Last, but not least, I needed a good-quality chopping or cutting board. I have three food-grades, “self-healing” plastic boards in different sizes, which can be stored on the side of a cabinet or hung from hooks on a bulkhead. In addition, they are easy to keep clean and are not absorbent, cutting down on illness-causing bacteria. However, my wooden cutting board is my favorite, since nothing slides off it. I use it primarily for cutting vegetables and fruits, not for raw meat or fish.
Other handy kitchen tools I wouldn’t cruise without include:
• Long handled fork, spatula, tongs and spoon for safely reaching into the grill, deep pots and the oven.
• Wooden Cooking spoons, slotted spoons and ladles and Teflon and stainless steel spatulas with wooden or plastic handles, so they will stay cool in your hand.
• Attractive Cheese spreaders and slicers, small condiment spoons, appetizer forks, toothpicks and bamboo skewers
• Nesting stainless-steel or plastic measuring cups and measuring spoons.
• Stainless-steel steamer insert for your cooking pot that can double as a colander
• Stainless Steel Sink Colander: I adore my stainless sink colander that has collapsible arms that hook on the edges of the sink. Just rinse your fruits or vegetables and toss them in the colander…I even drain pasta and cooked veggies in it. After using it on the boat, I bought one for the house!
• Flat stainless-steel grater with several blades, Oxo vegetable peeler and portable Mandoline slicer from Williams-Sonoma
• Pastry brush (nothing like a brush for glazing, buttering pans or brushing meat with marinade on the grill) and wooden rolling pin (for pizza, pastry, pounding meat and chicken)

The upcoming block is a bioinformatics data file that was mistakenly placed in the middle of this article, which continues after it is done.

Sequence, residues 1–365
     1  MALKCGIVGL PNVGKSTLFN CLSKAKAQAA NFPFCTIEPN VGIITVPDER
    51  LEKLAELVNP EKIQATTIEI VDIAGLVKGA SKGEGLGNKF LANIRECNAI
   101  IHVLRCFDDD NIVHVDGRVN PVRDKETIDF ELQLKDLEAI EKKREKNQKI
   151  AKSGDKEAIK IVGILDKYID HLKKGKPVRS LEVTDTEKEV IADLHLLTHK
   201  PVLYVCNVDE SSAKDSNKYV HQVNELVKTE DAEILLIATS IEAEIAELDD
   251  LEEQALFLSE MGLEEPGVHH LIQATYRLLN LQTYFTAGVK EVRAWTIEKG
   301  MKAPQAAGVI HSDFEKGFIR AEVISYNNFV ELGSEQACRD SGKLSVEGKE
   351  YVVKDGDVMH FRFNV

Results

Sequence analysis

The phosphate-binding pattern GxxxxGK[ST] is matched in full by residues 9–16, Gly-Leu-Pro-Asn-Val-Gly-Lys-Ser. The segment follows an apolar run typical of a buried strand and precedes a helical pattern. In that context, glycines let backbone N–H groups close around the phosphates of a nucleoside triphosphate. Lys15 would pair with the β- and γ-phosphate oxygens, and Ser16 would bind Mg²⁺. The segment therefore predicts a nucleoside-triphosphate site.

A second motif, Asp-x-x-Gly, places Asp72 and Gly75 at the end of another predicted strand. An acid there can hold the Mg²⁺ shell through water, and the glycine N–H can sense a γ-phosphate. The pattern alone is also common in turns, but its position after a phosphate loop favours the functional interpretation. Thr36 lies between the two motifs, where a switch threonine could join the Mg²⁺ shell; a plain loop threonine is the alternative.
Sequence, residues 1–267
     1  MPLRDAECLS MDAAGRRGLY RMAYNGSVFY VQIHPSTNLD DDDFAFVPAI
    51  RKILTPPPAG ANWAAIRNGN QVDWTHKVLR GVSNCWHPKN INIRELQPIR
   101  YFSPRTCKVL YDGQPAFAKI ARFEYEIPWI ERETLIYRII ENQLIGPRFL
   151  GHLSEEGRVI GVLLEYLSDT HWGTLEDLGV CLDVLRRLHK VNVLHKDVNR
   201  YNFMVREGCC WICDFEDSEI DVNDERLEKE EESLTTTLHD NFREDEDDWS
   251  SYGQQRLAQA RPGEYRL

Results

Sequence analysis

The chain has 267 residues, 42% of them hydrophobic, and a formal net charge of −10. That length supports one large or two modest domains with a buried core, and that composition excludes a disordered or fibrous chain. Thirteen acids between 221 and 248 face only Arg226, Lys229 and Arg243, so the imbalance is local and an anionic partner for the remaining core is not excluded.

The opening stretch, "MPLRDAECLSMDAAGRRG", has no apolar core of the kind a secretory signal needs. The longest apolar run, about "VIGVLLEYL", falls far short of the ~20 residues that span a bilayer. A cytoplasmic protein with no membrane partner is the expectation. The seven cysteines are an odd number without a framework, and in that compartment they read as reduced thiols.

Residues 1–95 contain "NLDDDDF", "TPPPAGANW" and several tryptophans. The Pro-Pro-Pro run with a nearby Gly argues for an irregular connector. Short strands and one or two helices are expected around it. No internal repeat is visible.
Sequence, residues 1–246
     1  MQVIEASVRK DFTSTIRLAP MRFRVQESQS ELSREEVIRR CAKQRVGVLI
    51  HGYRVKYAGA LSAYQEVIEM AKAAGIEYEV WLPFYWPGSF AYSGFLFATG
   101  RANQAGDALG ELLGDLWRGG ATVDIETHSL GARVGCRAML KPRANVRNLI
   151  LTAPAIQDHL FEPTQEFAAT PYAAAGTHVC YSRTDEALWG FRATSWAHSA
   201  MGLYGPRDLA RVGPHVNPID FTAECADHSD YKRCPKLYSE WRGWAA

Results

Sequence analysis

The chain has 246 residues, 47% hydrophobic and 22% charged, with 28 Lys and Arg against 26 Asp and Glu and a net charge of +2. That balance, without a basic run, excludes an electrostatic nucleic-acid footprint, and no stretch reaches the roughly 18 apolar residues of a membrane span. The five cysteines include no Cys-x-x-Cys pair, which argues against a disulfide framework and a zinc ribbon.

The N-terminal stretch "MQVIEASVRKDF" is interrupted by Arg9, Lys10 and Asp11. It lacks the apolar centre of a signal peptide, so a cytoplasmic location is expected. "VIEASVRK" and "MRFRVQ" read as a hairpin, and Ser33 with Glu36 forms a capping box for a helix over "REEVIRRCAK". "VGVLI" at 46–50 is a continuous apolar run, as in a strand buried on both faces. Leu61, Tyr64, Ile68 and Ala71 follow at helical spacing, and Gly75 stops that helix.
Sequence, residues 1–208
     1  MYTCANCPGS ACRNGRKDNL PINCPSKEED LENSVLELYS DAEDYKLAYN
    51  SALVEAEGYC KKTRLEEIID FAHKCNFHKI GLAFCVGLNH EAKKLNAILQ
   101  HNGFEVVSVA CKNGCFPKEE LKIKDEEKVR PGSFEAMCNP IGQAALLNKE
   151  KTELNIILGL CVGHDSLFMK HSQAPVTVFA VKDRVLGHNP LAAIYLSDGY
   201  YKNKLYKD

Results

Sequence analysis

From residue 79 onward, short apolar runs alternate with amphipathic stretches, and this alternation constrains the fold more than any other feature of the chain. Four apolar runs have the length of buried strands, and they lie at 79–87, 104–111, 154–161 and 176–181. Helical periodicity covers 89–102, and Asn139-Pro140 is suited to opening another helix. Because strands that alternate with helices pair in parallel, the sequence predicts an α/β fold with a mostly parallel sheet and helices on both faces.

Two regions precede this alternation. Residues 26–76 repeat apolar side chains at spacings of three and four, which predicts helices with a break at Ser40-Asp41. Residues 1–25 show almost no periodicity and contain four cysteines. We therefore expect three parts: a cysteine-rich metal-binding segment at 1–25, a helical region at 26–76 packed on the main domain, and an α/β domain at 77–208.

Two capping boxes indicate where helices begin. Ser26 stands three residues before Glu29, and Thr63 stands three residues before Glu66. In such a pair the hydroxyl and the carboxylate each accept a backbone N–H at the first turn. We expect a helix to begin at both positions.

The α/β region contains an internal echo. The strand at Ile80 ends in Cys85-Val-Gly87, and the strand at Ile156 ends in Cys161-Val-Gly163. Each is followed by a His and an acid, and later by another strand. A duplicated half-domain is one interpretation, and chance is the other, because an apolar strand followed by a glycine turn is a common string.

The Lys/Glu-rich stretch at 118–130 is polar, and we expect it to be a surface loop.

• Pepper and Salt Mills…never clogs and the mills provide nice flavorful grinds of pepper and salt
• Hot pads and kitchen mitts. Hot pads can double as trivets for your nice wood table or countertop.
Every year, I take off the items you haven’t used at all and keep a list of equipment and tools I would like to have aboard. This year, I want to get rid of my crockpot/deep fryer that I never use aboard and experiment with a pressure cooker and stove-top smoker to determine whether these would be valuable additions to our cruising style. Ideally, I’d like to have larger propane grill built into the flybridge, but that will have to wait until we are willing to give up some space for it. And, I’d like a propane stovetop because it is easier to control and uses less energy. However, to install propane, we would have to take apart the flybridge to place the tank in a safe area and we’d have to remember to refill it!
Outfitting a galley is a dynamic process - it is never complete, nor is it ever perfect. Every year, our taste and use of the boat changes a little. This summer, it seems that we grilled everything and ate more cold foods. Last year, I made greater use of the oven and stove top and, on the Grand Banks, I used the microwave all the time! While your boating lifestyle may be different from my own weekend cruises, the most important thing to remember about your galley is that you need to outfit it to meet your unique needs.